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Statutory Demands

 

Statutory demands, when used correctly, can be a powerful weapon for creditors of a company.

What is a statutory demand?

Essentially, a statutory demand is a demand for payment of a sum of money that is owed by a company.  The demand must be set out in a certain way and meet the required formalities. It must also include a statement that the creditor believes the debt is due and payable.

Who can issue a statutory demand?

Anyone, including an individual, partnership or company, provided the debt owing is over $2,000.

What can a company do if it receives a statutory demand?

Once it receives a statutory demand, a company has two choices. It can either:

(a)    pay the debt; or

(b)   commence Court proceedings to have the demand set aside.

If Court proceedings are commenced, it is essential that the company set out all the reasons why it believes the debt is not due and payable.

How long does the company have to respond?

21 days only. This deadline is extremely strict and includes public holidays and weekends.

What if the company does nothing?

If the Company does nothing, it is presumed to be insolvent and the creditor can then seek to place the company in liquidation. If this occurs, the company is usually prevented from making any argument against liquidation that it could have raised when served with the statutory demand. Therefore, it is extremely important, if served with a statutory demand, to act quickly.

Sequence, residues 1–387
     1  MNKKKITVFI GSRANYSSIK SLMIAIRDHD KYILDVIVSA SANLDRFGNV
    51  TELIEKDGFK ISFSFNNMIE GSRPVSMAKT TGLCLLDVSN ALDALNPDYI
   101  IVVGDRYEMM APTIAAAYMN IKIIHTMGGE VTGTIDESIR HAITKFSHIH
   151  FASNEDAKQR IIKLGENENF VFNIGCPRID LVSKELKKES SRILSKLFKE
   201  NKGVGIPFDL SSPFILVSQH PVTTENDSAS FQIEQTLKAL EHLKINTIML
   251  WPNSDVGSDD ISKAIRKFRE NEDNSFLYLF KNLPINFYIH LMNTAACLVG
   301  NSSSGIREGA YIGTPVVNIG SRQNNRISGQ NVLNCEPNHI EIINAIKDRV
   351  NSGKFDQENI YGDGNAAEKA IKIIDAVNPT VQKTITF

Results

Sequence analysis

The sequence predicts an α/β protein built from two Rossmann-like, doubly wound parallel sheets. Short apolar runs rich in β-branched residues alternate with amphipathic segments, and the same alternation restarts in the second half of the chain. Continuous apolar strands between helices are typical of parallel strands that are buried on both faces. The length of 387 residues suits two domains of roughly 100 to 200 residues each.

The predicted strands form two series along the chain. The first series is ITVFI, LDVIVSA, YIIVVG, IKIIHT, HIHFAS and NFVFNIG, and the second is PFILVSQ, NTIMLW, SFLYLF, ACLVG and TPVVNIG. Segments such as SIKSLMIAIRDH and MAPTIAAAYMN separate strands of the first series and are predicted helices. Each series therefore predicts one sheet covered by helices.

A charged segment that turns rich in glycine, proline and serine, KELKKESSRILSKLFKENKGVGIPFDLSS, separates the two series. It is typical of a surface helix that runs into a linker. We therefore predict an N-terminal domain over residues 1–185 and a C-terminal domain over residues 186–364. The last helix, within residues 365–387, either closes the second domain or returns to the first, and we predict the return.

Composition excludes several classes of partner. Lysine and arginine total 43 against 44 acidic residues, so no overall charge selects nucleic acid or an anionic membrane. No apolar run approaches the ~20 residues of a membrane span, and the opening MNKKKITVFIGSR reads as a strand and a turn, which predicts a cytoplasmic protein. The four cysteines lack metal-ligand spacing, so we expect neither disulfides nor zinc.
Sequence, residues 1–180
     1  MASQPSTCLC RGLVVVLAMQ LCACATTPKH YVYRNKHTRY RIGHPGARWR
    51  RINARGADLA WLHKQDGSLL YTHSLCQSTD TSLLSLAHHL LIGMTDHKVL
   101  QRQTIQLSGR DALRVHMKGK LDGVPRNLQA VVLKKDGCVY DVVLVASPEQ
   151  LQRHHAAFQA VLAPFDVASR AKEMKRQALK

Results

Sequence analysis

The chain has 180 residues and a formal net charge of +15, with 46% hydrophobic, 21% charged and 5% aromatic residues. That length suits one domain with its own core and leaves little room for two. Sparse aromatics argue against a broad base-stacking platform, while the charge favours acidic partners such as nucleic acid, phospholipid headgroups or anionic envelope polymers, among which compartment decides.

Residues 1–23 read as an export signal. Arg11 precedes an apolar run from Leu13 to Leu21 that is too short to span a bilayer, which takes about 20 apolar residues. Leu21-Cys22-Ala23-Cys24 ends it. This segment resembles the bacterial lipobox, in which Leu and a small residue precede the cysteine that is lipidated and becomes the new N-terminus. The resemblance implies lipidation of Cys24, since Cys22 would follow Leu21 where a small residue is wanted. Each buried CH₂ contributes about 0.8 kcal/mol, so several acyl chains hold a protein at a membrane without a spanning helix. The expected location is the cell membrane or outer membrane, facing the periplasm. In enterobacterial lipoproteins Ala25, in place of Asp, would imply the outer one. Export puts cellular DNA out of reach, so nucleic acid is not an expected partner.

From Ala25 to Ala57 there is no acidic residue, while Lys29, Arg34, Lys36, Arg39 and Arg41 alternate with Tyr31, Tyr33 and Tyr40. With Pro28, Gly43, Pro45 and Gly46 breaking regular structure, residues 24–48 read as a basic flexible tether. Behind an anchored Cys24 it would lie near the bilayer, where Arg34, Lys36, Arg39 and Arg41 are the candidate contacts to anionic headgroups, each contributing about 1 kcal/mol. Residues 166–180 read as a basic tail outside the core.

When can a statutory demand be set aside?

Where the company can show that:

(a)    there is a genuine dispute that the debt is due and payable; and/or

(b)   the creditor owes the company an amount equal to what has been demanded.

The company only needs to show that either of these situations exist. It does not have to prove that the dispute or claim would be successful, only that there really is a genuine dispute or offsetting claim that the Court would need to be deal with. This procedure is to make sure that companies are not forced to pay debts that are not in fact due and payable.

The law relating to statutory demands is technical and complex, and the consequences of failing to respond to a statutory demand, or filing a defective application, can be catastrophic. If you have been served with a statutory demand, or would like to learn more about when they can be used, contact us on 9261 8533.

 

This publication is intended only to provide a summary of the subject matter covered. It does not purport to be comprehensive or to render legal advice. The publication reflects the law at the date the publication was written which may differ at the date the publication is being read. No reader should act on the basis of any matter contained in this publication without first obtaining specific professional advice.
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